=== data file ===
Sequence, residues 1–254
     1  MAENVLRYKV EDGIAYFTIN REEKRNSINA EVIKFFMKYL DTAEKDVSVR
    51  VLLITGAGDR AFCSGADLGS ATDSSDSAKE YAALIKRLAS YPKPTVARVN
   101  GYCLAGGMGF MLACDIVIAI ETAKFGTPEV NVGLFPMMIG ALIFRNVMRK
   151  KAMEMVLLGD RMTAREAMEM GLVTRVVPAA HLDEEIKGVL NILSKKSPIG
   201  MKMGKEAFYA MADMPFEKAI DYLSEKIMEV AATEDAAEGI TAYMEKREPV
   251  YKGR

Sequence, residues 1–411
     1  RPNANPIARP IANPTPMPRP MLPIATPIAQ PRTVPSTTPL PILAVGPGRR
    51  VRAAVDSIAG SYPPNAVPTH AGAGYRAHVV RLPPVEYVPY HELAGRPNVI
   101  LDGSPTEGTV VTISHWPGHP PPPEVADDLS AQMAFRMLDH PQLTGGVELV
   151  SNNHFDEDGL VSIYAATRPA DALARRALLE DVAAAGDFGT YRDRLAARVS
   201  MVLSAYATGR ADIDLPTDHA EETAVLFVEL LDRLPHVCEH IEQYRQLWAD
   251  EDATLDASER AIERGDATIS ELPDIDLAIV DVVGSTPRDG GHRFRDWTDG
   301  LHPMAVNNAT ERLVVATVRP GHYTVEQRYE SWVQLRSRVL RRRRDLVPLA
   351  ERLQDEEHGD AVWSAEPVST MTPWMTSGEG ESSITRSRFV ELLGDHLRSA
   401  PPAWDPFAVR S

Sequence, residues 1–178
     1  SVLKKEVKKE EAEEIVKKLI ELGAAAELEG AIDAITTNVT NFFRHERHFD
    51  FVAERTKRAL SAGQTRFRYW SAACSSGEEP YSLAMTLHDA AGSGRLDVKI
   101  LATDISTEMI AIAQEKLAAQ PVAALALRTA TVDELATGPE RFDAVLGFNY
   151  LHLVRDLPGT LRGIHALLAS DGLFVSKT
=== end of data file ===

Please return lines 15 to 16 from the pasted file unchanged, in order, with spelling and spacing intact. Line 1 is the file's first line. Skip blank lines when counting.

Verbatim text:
   301  LHPMAVNNAT ERLVVATVRP GHYTVEQRYE SWVQLRSRVL RRRRDLVPLA
   351  ERLQDEEHGD AVWSAEPVST MTPWMTSGEG ESSITRSRFV ELLGDHLRSA